Do you ever pay for business goods and services before you use them? If you have done so, these types of purchases require special attention in your books.
What Are Prepaid Expenses?
Prepaid expenses can be defined as expenses paid for in advance. It is accrued when you pay for a product or service that you will receive in the near future. In accounting, anytime you pay for something before using it, you must recognize it through prepaid expenses accounting.
Prepaid expenses do not give value instantly. Instead, they give value over time—generally over multiple accounting periods. Since the expense expires as you use it, you can’t convert the entire value of the item to an expenses immediately. You can only expense the part that you’ve used. Record a prepaid expense in your accounting book and adjust the entries as you use the item.
So, do you know how to record prepaid expenses in your books? If you don’t know, don't panic, this article will guide you through the concept of prepaid expenses.
Also Read: Various Steps Of Accounting Cycle
Recording prepaid expenses only happens in accrual system of accounting due to the fact that in cash-basis accounting system, transactions are recorded when money physically changes hands.
What Is Considered A Prepaid Expense?
Individuals and businesses can accrue prepaid expenses. In small businesses, some purchases are considered prepaid expenses. The list below shows common prepaid expenses examples:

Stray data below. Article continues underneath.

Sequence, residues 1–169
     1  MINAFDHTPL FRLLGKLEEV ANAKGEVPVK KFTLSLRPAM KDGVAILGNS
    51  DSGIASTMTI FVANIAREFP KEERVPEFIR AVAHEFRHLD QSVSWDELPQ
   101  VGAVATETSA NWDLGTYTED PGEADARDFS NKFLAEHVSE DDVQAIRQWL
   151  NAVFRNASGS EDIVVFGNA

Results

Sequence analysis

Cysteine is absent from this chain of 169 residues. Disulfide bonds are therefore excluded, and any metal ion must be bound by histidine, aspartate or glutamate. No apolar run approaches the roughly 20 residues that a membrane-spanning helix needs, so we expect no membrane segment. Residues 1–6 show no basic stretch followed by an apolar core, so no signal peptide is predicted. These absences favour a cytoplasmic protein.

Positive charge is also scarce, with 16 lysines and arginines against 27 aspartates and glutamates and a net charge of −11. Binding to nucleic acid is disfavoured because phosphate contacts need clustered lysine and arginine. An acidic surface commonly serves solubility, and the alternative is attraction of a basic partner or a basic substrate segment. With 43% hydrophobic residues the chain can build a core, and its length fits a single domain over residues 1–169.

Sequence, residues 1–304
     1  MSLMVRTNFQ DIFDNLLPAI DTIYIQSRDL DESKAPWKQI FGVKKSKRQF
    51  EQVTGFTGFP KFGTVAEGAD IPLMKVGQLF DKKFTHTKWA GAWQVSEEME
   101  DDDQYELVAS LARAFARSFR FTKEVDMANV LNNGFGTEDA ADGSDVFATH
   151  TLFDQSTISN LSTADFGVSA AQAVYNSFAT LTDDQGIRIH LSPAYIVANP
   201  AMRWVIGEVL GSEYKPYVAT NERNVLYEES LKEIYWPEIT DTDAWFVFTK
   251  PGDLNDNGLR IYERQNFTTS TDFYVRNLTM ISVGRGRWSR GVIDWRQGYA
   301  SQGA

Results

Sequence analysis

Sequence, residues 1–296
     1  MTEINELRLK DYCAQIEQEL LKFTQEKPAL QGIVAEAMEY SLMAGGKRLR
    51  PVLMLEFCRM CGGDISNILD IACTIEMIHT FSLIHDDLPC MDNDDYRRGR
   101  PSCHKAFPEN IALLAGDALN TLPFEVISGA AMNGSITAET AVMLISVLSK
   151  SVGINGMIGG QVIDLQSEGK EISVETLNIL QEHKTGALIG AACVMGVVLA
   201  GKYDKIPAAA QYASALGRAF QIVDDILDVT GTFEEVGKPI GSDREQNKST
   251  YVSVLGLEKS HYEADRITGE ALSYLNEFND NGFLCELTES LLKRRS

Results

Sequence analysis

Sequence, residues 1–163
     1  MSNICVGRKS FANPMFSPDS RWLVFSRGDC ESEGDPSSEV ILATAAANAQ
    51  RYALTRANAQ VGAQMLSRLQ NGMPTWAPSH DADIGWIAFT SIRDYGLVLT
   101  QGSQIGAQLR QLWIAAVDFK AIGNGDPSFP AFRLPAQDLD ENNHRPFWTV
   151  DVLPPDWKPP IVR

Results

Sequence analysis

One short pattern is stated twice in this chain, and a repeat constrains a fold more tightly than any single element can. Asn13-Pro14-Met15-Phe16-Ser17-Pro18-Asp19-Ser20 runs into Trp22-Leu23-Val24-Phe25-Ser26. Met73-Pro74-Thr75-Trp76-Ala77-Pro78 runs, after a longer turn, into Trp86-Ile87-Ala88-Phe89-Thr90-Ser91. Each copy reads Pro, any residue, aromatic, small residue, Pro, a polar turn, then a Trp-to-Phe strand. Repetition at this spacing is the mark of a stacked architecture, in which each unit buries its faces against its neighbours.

- Rent (when you pay for a commercial space before using it)
- Small business insurance policies
- Equipment you pay for before use
- Salaries in advance (except you run payroll in arrears)
- Estimated taxes
- Some utility bills
- Interest expenses
Is A Down Payment A Prepaid Expense?
Down payment is not a prepaid expense. To prepay for an item means that you are paying the full price before you have the product/receive the service, while a down payment is just paying a portion of the full price either ahead of time or at the time of purchase, while you pay for the remainder later.
Also Read: How To Become An Accountant Without A Degree
What Type Of Account Is Prepaid Expense?
You might be wondering what type of account is a prepaid expense. Just to remind us, the main types of accounts are assets, liabilities, equity, expenses and revenue. You can also see our article on the different types of accounts.
Maybe you might be thinking that it’s an expense, right? Although that’s a fair assumption, but it is not correct. A prepaid expense is an asset. Yes, it is. So, where are prepaid expenses recorded on the balance sheet? Prepaid expenses are shown on the assets side of balance sheet.
Amortization of Prepaid Expenses
Prepaid expenses change into expenses when you actually use them. As you use the item, you decrease the value of the asset. Hence, the value of the asset is replaced with an actual expense recorded on the income statement of the company.
Amortization can be defined as paying off a debt in a given period in equal installments. With amortization, the amount of accrual, such as prepaid rent, is gradually reduced to zero, through amortization schedule. The expense is then transferred to the income statement for the period during which the company uses up the accrual.
My point here is that before you use a prepaid expense item, it’s an asset. But as soon as they are used, it becomes an expense.
Prepaid Expenses Journal Entry
Open a prepaid expenses journal entry in your books at the time of purchase, before using the good or service.
Before taking you into the world of journal entries, you need to understand how each main account is affected by debits and credits.
Note: Assets and expenses are increased by debits and decreased by credits. On the contrary, liabilities, equity, and revenue are increased by credits and decreased by debits.
How Do You Record Prepaid Expenses?